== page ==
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Wednesday, 7 January 2015

The Costs of Legal Actions

I thought I would do a post on the possible costs of legal actions, even if as in the Bailey Judgement, you win your case on every point.  I recall a member of the current Brent Executive being quite dismissive of the potential dangers of getting into a legal wrangle with Veolia over the Public Realm Contract.  The nicest thing I can say about that is that it demonstrated a certain naivety. 

The first cost is in poor publicity.  In the libraries case, you can argue that the decision to prioritise winning the Court case over the public relations was the wrong one, but in practice I think it is hard for local authorities to do otherwise.  The reality is that journalists want a David vs Goliath story where plucky local residents take on a Council behemoth.  Even where they make some kind of balance, they tend to lead off with "Brent Council did all sorts of bad things" at great length, followed by the phrase "The Court was told."  If you are lucky you will get a brief bit at the end denying that the Council is wrong.  They just aren't interested in writing a more nuanced story, so they won't.  A period of negative publicity is therefore inevitable, and the Council just has to ride through it.

A sidelight on this process is the modern purpose of celebrities as all purpose experts.  In the Brent case, I suspect many had made not the slightest attempt to understand the policy they were criticising but simply repeated a line.  This worked in terms of generating negative publicty, although it was of little use in the court itself.

The second is delay, which for a local authority probably costs money as well.  Brent had budgeted for a half year saving in the first year, that is that savings would begin from 1st September.  Even with a fairly swift hearing in July, the High Court judgement was not handed down until 13 October.  Only at that point was the Council able to swiftly act to start implementing the savings, before a further appeal caused more delay.  The final set of delays ran out in December.  This had a cashable impact, but also an impact on the uncertainity of staff and increasing difficulties in running a service where the staff were leaving because they expected the library litigants to lose.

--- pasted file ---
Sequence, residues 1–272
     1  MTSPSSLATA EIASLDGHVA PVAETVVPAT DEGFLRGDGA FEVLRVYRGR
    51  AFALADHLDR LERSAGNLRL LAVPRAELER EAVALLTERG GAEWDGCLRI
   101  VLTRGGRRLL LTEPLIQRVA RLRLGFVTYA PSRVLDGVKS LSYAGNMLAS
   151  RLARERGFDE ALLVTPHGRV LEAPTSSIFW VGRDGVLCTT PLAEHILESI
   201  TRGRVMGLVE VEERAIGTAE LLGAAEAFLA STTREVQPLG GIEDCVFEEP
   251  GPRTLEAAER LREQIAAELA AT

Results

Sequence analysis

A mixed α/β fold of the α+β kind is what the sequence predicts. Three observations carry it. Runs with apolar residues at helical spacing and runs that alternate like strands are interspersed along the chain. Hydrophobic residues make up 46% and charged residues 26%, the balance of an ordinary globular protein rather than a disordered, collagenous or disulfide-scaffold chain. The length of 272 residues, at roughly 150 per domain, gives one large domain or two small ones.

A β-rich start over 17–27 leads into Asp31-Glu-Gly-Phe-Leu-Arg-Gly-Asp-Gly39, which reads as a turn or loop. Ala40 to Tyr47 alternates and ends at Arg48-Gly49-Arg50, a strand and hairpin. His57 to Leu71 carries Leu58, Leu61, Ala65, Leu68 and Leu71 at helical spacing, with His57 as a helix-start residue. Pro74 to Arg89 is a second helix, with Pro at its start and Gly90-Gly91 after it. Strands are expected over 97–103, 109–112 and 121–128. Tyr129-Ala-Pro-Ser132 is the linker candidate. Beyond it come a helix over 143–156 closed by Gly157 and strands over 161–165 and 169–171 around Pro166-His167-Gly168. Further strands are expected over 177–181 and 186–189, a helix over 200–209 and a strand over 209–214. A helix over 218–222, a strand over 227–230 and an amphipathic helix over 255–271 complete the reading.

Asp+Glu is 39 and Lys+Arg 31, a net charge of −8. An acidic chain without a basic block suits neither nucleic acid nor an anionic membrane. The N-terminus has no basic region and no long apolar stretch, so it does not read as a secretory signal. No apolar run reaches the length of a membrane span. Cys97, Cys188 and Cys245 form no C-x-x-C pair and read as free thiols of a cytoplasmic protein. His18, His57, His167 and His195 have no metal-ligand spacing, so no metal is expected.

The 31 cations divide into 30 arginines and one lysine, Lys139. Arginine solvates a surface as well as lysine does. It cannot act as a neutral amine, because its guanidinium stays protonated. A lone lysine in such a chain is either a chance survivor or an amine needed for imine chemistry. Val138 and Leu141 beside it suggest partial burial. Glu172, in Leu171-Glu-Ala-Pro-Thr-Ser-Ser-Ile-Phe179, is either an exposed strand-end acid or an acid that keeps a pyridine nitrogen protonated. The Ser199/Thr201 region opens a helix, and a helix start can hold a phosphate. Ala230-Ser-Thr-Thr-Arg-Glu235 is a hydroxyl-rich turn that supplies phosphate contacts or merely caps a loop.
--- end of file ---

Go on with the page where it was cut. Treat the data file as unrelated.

A further hazard, which was perhaps specific to the Brent case, was that the opposing lawyers set off a barrage of letters trying to micro-manage the library service, and threatening injunctions during the course of the case.  This was eventually dealt with by suggesting that they could apply for an injunction and if so the correspondence would be made available to the Court.  This quietened them down, but a lot of energy had to be expended in the interim.

Arguably, there was still a cloud hanging over the service until the final collapse of the Court case on 3 February.  I think this last stage of legal action really was just designed as a delaying tactic in a war of political attrition rather than an effort to raise any serious legal issue. I am not alone in regarding the use of the law as a political delaying tactic as wrong

Another effect, which is quite curious and counter intuitive is that the Court case is now quite binding on the Council's future decisions on libraries.  This is, of course, the opposite of what the litigants intended, but resulted from the Council winning the case.  The High Court judgement gives an unassailable legal basis for the Council in running its library service.  If, like me, you regard Brent Libraries service as a great success, you may see this as a good thing.  It is a key part of why subsequent efforts to undermine the service have failed, and only relatively minor cuts are posed in the current budget round.  Others, who set a lower value on the success of Brent libraries than I do, may lament the decreased flexibility of the Council's decision making. 

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